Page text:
By Lisa Johnston
New products on display at the American International Toy Fair, held in N
Early reports on new hard-drive-based car stereo products are in and sales are running ahead of supplier expectations. Although the market is still very limited because of the high price of the units, some suppliers are already lowering price tags.
Pioneer says that it has sold more than 600 units of its new hard disk/Memory Stick DEH-P90HDD at $2,000 since January, although many dealers are just beginning to sell the product. Kenwood says it has sold "many times more than that" of its Music Keg, which integrates with a Kenwood head unit to offer 10GB of stored music at $749.
Just now shipping is the Sony MEX-1HD hard drive/Memory Stick unit at $1,499, and the Blaupunkt 1GB Microdrive add-on piece at $799.
Pioneer and Kenwood say they are pleased with the initial sell-in and claim that the category will grow to an important part of car audio. "We're very bullish on the category and we think as we move into next year, it will definitely become a major category for mobile electronics," said Law, who estimates that by the fourth quarter, the industry will sell 2,500 pieces per month.
Dealers say they would like to see lower prices on the units and greater consumer awareness. Suppliers are responding.
Kenwood said it will offer a second version of its Music Keg to ship in late summer at a lower price of $499. To achieve this, Kenwood switched from an extruded aluminum casing and included some new components. The original Keg will remain in the line but will offer 20GB of storage (upgraded from 10GB) and improved DA converters. Also available will be an RF modulator that will work with both Keg models at $99, Law said.
SSI America, Piscataway, N.J., which has been selling the Neo Car Jukebox since last year, expects to ship over 20,000 units this year. It is currently sold at 2,000 storefronts including Best Buy.
The Neo works with any car stereo via RCA outputs or RF modulator and can be used in a docking bay with a home stereo. The company recently lowered the price of its basic 20GB model to $399 from $499, the 40GB model to $499 from $599 and the 80GB model (which holds the equivalent of 1,600 CDs) to $599 from $699, said company president James Buchheim.
SSI also plans to launch in June a text-to-speech module for $30 which allows the Neo to "announce" which mode it is in and which file name or folder name it is addressing to help users keep their eyes on the road. The Neo does not allow voice commands.
Several retailers said they expect the category to blossom once prices become more reasonable.
At Tweeter, Canton, Mass., "The Kenwood Keg seems to be doing pretty well. There's still little consumer understanding so it will take a while to build up since it's a whole new product category," mobile electronics VP Dan Jeancola said.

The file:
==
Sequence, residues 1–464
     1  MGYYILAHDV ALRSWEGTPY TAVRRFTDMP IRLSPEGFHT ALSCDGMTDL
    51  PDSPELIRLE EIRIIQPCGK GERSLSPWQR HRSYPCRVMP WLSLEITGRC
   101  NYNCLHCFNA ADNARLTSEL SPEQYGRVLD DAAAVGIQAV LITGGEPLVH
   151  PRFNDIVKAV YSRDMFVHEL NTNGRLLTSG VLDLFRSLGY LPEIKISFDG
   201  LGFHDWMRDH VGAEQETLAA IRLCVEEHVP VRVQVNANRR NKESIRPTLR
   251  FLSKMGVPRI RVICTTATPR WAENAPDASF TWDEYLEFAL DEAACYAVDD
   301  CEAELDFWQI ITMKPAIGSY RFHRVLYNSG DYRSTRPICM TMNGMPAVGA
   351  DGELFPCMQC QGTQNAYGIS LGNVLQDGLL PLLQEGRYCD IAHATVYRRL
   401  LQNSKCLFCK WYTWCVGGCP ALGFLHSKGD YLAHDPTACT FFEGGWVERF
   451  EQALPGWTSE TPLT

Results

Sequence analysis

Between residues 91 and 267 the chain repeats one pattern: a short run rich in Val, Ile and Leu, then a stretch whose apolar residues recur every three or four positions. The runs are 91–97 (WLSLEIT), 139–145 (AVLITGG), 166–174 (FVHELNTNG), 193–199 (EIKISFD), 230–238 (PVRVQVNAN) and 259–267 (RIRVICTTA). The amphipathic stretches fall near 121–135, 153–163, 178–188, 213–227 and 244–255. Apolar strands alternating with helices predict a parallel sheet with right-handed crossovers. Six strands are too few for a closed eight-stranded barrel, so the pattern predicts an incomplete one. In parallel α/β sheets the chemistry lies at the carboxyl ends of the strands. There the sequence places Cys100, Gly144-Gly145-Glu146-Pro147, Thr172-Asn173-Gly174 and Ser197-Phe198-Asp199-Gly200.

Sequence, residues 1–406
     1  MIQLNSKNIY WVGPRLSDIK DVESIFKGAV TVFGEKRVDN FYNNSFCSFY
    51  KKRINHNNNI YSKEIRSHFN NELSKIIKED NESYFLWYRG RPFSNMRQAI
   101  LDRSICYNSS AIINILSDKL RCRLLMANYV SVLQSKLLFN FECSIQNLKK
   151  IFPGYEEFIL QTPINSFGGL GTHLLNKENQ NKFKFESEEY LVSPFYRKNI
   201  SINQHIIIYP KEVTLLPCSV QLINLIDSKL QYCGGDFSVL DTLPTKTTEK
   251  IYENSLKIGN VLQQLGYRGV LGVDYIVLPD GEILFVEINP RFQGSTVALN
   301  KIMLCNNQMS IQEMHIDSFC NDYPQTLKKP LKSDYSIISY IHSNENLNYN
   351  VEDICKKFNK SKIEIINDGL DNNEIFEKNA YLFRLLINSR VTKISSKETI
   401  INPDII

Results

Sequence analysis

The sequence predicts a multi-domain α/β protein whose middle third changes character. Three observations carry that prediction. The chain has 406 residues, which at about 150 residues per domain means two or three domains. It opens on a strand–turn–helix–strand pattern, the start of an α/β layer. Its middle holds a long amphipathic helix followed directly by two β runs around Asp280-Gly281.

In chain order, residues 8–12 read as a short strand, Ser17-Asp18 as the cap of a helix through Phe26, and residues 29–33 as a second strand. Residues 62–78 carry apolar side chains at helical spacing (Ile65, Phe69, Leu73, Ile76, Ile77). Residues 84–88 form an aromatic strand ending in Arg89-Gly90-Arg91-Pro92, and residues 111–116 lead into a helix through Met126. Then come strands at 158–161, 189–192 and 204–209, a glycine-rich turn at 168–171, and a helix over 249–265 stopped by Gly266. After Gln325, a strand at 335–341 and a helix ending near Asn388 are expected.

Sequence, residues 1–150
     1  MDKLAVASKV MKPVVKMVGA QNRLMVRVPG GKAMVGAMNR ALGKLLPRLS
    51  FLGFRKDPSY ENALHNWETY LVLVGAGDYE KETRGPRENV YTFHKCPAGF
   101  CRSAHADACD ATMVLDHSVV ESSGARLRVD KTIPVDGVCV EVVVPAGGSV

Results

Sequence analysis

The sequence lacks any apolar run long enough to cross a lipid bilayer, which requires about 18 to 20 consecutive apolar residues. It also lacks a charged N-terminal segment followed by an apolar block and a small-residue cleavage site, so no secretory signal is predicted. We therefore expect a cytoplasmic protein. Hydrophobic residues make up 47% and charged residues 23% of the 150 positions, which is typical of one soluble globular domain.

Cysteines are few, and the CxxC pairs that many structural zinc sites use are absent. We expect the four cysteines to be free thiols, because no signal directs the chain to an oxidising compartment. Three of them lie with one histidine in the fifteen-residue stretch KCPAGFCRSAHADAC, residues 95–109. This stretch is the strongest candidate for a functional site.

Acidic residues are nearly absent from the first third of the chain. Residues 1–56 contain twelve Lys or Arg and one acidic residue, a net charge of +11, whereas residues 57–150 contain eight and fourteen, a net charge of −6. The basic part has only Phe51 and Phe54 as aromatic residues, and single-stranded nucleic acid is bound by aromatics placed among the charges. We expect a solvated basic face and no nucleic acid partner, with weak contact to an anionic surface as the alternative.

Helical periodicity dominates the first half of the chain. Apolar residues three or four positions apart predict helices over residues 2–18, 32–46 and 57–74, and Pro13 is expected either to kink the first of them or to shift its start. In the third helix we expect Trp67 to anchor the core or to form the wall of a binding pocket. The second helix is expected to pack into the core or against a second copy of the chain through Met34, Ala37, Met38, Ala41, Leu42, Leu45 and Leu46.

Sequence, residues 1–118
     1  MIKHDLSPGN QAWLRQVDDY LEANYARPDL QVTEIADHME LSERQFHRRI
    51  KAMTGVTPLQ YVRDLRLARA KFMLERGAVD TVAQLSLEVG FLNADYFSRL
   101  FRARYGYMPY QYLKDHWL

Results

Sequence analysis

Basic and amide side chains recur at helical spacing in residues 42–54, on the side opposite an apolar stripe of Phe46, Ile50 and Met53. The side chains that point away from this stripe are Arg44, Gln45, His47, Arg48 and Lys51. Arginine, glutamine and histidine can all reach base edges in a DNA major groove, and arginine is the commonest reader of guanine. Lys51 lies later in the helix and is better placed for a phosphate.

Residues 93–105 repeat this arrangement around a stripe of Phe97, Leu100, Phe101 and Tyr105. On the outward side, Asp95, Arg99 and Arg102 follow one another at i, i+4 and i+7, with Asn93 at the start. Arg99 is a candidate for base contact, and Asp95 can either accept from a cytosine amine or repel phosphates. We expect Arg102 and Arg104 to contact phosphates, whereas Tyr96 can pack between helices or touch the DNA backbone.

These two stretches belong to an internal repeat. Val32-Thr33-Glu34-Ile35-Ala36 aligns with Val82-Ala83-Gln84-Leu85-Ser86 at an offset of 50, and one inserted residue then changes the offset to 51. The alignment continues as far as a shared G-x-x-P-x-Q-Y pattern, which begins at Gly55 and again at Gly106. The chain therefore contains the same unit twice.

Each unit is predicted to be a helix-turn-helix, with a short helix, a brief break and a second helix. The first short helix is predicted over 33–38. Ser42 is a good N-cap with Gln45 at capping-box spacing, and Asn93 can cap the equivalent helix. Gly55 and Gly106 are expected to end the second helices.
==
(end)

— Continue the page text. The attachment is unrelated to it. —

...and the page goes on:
At Freeman's Car Stereo, Charlotte, N.C., the Kenwood piece was not moving yet due to the price of the original model. "It's just a little too out of reach for the [younger] people that would be most interested in it," David Richardson, VP/COO said. "For older people, it a tougher sell. They don't quite understand it and our guys aren't good at explaining it yet. So the younger guys are going to wait for the price to come down. It needs to be at $399 to $499. Once it gets to the price of a CD changer I think it will be a home run," he said.
Beach Auto Sound, Huntington Beach, Calif., has had a lot of success selling the 40GB Neo from SSI America, at $599, as well as the Kenwood Music Keg. The store sells six hard drive units a month and says it attracts all ages. "My business doesn't skew that young and I've sold Neos to guys in their 60s," said general manager Tom Sweere.
Greg Thomas, car audio merchandise manager for Thornton, Colo.-based Ultimate Electronics said, "We're very happy with the success we've had with the new category and we'd like to see products from different vendors."
Several retailers noted that an add-on product like the Music Keg or Neo is a cheaper, more universal solution than an in-dash head unit. "You have a chance with the Keg [with RF modulator] for 100 percent of the customers, but with an in-dash piece you have to want a new head unit," said one buyer. Another said some of his younger consumers could easily find cheaper desktop/portable downloading configurations at a local computer store, so price is very important.
Several retailers said they have not yet begun carrying the new hard-drive-based units.
Car Stereo City, Portland, Ore., is shying away from the segment as the products are still too expensive. Sound FX, West Warwick, R.I., said it was planning on picking up the Pioneer DEH-P90HDD in the near future but was not yet carrying other models. The Specialists, Tuscon, Ariz., said they were waiting on both the Sony and Pioneer head units.
This TWICE webinar, hosted by senior editor Alan Wolf, will take a look at what may be the hottest CE products at retail that will be sold during the all-important fourth quarter. Top technologies, market strategies and industry trends will be discussed with industry analysts and executives.